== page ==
network Tempo Payments, follow a similar model. Decoupled debit
cards are issued by non-banks or financial institutions that do not
hold the primary current or checking account of the customer. These
offerings can include loyalty and rewards programmes, and in most
cases charge merchants lower interchange fees. There is also a
greater opportunity for the merchant to reap incremental revenue
and greater customer loyalty, in cases where the merchant issues
the card or is the co-brand partner.

According to industry experts, such products could impact on the
transaction volume of bank-issued debit cards by eliminating the
need for a consumer to remain tied to a particular bank’s current
account and attached debit card. “Incumbent deposit institutions
will need to react to the risk of disintermediation as their
business model, which is based on punitive fees and interchange
income, comes under pressure,” says Gwenn Bézard, research director
at US payment research firm Aite Group.

Understandably mindful of these new challenges, issuers have taken
a proactive approach to debit card innovation and function
enhancement. Rewards and loyalty programmes, a staple of
long-running credit card programmes, are now commonplace on debit
cards and are seen as one of the best ways for banks to recruit and
retain new customers. However, when offering a debit rewards
programme, the issuing bank needs to have a clear idea of what it
is trying to achieve. Is it increased fee revenue, higher customer
retention or growing deposits? Issuers also need to consider
whether the expected revenue will more than offset the cost of
providing the rewards programme.

Debit-linked savings programmes

A twist on the loyalty programme concept for debit cards is
savings-related programmes tied to debit cards, exemplified by Bank
of America in the US and later duplicated by Lloyds TSB in the UK.
Bank of America’s Keep the Change programme was launched in October
2005, designed as a savings account linked to debit card

Bank of America’s 2007 second-quarter results show that the
programme has been a huge success on several levels. Keep the
Change passed the 5 million mark of customers, who have saved more
than $500 million since the inception of the programme, while net
new retail checking accounts rose by 717,000. Net revenue rose 5
percent as higher card income, service charges and mortgage banking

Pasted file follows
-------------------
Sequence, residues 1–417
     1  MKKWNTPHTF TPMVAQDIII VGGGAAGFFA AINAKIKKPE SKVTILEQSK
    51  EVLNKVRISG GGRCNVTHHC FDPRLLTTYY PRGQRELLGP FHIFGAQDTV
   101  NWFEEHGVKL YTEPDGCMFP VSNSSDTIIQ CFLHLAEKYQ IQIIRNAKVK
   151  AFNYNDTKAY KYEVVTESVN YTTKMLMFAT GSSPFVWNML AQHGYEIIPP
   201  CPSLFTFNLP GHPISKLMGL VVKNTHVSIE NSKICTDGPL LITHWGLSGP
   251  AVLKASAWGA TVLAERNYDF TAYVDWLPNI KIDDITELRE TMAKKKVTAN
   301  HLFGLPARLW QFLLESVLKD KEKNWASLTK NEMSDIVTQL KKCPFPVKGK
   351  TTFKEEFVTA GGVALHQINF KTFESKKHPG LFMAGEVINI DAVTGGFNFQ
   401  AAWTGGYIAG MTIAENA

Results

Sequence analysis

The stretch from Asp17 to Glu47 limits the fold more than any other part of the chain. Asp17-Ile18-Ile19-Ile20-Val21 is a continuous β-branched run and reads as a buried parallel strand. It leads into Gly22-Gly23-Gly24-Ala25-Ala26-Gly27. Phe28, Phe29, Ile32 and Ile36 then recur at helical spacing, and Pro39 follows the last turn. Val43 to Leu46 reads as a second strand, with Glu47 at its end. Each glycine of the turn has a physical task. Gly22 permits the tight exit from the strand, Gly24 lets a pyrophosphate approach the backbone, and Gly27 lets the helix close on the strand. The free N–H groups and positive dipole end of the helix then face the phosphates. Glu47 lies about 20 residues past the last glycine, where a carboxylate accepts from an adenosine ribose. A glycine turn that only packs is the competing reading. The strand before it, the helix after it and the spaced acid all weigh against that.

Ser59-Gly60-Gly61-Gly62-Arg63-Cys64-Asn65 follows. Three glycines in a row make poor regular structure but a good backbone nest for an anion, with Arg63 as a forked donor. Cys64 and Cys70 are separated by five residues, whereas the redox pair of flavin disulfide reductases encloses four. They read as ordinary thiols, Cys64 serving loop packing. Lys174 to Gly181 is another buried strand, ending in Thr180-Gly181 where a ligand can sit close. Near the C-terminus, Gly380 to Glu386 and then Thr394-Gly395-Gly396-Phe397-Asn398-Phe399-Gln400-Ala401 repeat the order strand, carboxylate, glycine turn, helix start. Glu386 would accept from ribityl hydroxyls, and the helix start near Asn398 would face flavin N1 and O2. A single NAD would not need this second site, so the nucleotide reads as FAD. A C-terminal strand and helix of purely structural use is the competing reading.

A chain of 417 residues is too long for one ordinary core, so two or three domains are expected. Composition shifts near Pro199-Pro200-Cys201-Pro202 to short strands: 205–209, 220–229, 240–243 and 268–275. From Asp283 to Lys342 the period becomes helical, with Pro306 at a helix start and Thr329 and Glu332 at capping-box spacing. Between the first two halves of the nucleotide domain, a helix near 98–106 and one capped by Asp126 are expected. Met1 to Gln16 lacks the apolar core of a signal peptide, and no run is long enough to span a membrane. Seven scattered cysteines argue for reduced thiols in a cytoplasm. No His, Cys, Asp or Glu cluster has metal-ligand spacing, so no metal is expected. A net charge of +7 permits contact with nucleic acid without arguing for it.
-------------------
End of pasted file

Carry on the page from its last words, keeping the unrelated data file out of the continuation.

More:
income contributed to a 9 percent increase in non-interest

Lloyds TSB announced at the beginning of 2007 that it was launching
Save the Change, closely modelled on Bank of America’s programme.
Lloyds TSB categorises the programme as an added value account, and
noted that it expects to open around 393,000 such accounts during
the first half of 2007, compared to 228,000 in the first half of

Such programmes represent a classic example of cross-selling other
banking products to the customer at the initial sign-up stage, and
later throughout the banking relationship. However, this approach
can also be viewed as being more of a measure of current account
profitability, rather than pure debit card profitability. In
Europe, the debit card is considered to be a loss-making product in
many markets, and banks typically subsidise the provision of
payments by the amount of interest margin on the account.

The challenge for banks in improving debit card profitability would
seem to lie mostly in generating related revenues, most notably
current account revenues, and in that area customer segmentation is
critical. According to Edgar, Dunn & Co, banks must determine
the profitability of customers and the types of customers, and
understand how and why the customer uses the current account. Some
customers may view the current account as a purely transactional
account for making purchases, while others will view it primarily
as a basic credit line or savings facility.

Having analysed customers’ motivation for having the current
account and their usage of the debit card attached to it, banks can
then devise differing account packages and pricing elements that
offer the consumer real value propositions, such as a flat fee for
frequent debit card usage, or retaining a competitive interest rate
when the account is used primarily as a credit line. The provision
of such value-added services will become the key differentiator for
debit cards in the future and could lead to banks looking at
different payment instruments (debit, credit, direct debit, etc)
with a more closely integrated enterprise approach – something
Edgar, Dunn & Co says will provide the most benefits to banks
in the long run.